General Growth clears a hurdle from Bankruptcy Court this morning that many creditors and lenders are paying attention to (from WSJ):
The judge in General Growth Properties Inc.'s bankruptcy case rejected creditors' motions to dismiss several properties from the case, clearing the way for the mall owner to begin talks with its lenders about long-term debt extensions that would eventually allow it to exit bankruptcy court.In a decision Tuesday, Judge Allan Gropper of the U.S. Bankruptcy Court in Manhattan ruled against the arguments of loan servicers ING Capital Loan Services LLC and Helios AMC LLC and lender Metropolitan Life Insurance Co. The three had separately argued that the General Growth malls they financed with mortgages are structured as individual "special purpose entities" that shouldn't be included in a broad corporate bankruptcy filing.The judge ruled Tuesday that the so-called SPE structure doesn't preclude an entity in danger of financial difficulty such as a loan default from being included in such a filing. He added, however, that the ruling has no bearing on the question of substantive consolidation, which entails combining separate entities of the same corporate parent in a bankruptcy case. The case is being closely monitored by real-estate investors and borrowers, since many securitized mortgages are packaged as special purpose entities."I think this is a rude awakening for a real-estate finance industry that placed faith in certain structures without any thought to how they could be stressed in a severe economic environment or how they could be tested under the bankruptcy code," said Kevin Starke, an analyst with CRT Capital Group LLC, which tracks distressed securities. "The lenders that wanted these cases dismissed failed to demonstrate why the subsidiaries they loaned money were any different than any other corporate subsidiary."With the judge's ruling in hand, General Growth will begin negotiating with its creditors for multiyear extensions of its debt maturities that are critical to its effort to exit bankruptcy.General Growth, the second-largest U.S. mall owner behind Simon Property Group Inc., owns and manages more than 200 U.S. malls. It filed for Chapter 11 bankruptcy protection in April with $27 billion in debt. General Growth included 166 of its malls in the bankruptcy filing.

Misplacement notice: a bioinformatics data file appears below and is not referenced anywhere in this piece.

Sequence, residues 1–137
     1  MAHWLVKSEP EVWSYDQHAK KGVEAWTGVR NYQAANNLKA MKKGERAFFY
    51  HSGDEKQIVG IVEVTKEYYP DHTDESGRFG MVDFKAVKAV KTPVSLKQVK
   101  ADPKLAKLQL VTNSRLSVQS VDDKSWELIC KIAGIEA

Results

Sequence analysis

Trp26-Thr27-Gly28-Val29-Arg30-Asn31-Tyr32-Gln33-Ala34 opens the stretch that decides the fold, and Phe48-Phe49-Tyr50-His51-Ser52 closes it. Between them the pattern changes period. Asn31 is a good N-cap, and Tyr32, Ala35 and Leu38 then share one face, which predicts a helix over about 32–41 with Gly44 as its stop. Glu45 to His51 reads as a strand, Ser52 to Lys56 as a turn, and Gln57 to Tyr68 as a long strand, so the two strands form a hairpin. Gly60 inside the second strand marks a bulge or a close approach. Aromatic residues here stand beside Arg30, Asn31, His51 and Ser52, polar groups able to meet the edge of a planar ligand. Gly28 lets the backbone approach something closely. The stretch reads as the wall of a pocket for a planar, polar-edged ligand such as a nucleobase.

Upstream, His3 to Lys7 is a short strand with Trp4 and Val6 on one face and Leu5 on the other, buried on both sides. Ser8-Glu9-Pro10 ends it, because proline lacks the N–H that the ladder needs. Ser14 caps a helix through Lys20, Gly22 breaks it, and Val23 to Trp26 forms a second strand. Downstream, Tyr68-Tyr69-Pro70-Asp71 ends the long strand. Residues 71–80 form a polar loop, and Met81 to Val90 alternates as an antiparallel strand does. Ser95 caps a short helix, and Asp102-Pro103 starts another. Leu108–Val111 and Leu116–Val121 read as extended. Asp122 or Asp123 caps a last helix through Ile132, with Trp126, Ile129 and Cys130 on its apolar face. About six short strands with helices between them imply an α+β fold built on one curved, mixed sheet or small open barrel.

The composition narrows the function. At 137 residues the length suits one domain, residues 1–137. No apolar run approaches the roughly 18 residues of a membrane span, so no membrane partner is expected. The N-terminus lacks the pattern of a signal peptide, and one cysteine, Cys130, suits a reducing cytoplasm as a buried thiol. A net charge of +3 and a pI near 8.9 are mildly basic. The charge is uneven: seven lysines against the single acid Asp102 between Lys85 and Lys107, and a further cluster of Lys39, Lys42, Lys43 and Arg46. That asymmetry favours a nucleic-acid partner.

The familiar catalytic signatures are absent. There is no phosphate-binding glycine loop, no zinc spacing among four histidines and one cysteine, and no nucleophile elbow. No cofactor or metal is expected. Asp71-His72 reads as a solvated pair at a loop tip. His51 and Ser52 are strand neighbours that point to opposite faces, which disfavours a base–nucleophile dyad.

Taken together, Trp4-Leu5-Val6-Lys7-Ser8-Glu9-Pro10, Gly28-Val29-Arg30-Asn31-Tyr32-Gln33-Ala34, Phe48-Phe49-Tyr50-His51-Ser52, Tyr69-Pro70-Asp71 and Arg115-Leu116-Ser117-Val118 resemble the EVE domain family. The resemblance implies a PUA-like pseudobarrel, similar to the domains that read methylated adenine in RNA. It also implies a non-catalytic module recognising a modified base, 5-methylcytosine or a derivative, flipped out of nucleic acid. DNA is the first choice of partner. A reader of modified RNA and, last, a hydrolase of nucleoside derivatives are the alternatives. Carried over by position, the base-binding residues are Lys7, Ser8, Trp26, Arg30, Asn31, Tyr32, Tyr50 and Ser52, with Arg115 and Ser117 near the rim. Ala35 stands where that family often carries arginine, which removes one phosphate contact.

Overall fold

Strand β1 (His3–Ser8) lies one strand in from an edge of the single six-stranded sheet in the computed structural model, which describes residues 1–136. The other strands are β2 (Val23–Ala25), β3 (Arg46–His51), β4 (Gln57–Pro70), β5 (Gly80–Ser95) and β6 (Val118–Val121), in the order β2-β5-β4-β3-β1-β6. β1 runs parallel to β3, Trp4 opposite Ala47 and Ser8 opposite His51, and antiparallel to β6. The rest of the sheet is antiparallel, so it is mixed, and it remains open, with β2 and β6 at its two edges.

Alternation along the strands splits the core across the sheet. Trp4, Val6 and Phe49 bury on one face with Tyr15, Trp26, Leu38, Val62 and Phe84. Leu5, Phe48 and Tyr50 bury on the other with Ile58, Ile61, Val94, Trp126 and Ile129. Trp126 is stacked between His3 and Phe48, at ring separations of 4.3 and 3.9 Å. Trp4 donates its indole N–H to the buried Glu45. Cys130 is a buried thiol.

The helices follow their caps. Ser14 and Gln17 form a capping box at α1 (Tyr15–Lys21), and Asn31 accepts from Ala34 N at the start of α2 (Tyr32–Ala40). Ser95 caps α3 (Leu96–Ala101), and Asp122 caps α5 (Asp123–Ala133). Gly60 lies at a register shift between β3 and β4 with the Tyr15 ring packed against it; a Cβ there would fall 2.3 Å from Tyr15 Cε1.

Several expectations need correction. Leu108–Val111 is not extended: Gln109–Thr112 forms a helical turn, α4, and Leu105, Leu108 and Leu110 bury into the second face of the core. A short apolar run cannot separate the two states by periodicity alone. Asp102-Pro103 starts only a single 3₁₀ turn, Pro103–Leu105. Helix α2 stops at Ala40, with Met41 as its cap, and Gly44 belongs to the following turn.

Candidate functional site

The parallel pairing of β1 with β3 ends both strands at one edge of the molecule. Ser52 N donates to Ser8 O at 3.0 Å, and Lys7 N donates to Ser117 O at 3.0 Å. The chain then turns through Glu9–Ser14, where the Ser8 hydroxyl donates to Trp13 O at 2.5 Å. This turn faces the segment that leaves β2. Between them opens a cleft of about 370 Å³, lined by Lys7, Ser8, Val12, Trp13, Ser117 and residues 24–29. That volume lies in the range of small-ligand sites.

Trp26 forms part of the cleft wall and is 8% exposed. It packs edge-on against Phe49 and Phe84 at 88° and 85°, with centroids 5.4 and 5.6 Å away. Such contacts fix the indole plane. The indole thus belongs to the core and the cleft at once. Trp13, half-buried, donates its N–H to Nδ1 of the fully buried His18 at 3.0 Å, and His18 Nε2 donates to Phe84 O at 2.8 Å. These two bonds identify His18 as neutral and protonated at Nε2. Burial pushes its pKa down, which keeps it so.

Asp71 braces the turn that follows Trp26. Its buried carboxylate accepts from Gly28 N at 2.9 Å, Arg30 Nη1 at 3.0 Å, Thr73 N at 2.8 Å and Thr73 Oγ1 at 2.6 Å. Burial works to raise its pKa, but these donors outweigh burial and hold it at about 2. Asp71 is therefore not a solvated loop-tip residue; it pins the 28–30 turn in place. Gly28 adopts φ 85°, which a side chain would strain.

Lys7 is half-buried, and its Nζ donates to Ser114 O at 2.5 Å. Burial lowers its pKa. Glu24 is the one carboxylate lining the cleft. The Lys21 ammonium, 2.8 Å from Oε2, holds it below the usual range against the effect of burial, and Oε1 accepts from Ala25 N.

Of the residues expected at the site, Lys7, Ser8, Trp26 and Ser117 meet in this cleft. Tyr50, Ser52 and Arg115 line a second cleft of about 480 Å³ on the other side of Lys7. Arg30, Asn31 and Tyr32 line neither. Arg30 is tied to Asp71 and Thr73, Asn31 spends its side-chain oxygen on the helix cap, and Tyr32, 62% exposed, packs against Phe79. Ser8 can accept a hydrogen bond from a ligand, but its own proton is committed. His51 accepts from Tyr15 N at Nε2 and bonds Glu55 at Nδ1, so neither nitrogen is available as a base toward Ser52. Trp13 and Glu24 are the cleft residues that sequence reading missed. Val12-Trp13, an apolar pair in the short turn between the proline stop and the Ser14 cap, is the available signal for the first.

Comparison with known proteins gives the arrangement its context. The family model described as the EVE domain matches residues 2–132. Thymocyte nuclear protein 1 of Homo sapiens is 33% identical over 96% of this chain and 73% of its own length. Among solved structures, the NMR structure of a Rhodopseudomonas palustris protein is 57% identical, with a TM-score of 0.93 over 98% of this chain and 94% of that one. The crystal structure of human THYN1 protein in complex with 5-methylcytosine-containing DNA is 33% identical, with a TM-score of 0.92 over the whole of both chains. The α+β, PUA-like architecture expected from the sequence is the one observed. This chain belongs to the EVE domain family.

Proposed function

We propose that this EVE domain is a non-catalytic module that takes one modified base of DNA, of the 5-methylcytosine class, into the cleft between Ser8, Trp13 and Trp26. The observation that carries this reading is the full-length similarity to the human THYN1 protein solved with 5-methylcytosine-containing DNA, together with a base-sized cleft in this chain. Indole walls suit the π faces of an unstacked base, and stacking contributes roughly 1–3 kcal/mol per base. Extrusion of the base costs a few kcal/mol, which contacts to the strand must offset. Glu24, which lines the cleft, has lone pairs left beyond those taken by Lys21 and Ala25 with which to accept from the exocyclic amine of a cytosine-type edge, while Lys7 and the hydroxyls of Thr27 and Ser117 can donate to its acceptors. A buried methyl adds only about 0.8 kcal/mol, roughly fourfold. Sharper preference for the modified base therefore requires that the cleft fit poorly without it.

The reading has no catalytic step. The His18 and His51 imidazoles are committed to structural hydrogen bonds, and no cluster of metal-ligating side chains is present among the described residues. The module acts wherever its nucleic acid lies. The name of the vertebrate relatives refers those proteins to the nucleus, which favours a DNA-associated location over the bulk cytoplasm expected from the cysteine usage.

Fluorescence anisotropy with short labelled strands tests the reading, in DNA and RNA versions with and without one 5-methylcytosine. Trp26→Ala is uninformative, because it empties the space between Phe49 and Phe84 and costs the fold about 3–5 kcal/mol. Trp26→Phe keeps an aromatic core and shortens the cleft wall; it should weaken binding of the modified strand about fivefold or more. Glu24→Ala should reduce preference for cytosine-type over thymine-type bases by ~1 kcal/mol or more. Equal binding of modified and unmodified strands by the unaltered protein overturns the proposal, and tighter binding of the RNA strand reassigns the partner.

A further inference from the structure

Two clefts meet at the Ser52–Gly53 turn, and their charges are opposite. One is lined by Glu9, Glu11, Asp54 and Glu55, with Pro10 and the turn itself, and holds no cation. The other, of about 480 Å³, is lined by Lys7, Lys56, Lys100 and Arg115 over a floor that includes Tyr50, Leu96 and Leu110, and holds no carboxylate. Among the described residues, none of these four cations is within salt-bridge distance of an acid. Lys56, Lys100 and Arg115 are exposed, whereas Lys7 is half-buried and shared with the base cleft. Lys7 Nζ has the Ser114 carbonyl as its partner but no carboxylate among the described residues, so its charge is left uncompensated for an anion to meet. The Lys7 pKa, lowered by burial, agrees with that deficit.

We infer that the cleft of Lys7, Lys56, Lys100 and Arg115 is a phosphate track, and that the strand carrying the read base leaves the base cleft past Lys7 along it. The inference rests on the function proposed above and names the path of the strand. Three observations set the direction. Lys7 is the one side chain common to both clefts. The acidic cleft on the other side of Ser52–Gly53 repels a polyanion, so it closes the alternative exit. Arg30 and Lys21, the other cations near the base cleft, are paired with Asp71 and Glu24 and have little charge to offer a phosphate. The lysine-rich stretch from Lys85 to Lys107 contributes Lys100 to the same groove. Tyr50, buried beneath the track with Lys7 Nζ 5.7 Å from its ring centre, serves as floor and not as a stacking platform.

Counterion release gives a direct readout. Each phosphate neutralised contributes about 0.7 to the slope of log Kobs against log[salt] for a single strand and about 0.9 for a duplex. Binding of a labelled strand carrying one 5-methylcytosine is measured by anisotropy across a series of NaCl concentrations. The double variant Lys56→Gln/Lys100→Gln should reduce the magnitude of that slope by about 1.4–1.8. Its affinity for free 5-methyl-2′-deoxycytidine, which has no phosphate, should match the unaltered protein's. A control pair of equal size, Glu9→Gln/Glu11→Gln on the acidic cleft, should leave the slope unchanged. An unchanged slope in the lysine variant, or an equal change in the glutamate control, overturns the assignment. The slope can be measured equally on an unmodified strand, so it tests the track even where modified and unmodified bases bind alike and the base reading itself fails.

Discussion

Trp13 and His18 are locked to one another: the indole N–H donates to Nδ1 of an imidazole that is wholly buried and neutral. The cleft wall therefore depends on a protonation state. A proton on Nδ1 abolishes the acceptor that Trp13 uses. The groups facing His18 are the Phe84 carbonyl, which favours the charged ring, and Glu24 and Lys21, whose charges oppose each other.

Wednesday, August 12, 2009
Wednesday, May 6, 2009
Zillow.com came out with a graphical interface to show the housing market at a glance in 161 MSA's around the country..
U.S. home values continued to slide for the ninth consecutive quarter, declining 14.2 percent from a year ago, and falling 21.8 percent since the market peak in 2006. Additionally, one-fifth (21.9%) of all homeowners in the United States is in negative equity, and one in five homes sold in the past 12 months was a foreclosure.
Zillow Q1 Real Estate Market Reports track 161 metropolitan statistical areas (MSAs) throughout the U.S., identifying market trends including, but not limited to: five and 10-year annualized change, negative equity, short sales and foreclosure transactions.
To view this data for the nation and 161 MSAs, click on the Excel icon below to see the report or click the graph icon to see graphs and maps suitable for printing. Scroll and click the interactive map to explore each metropolitan area.
For more information about Zillow's Q1 Real Estate Market Reports, including the press release and additional graphics, visit the special Real Estate Market Reports section in the Zillow press room.
Monday, April 13, 2009
Friday, March 27, 2009
Several of today's news feeds argue that Obama's stimulus will not "fend off" the impending wave of commercial foreclosures but only help to get the banks lending again.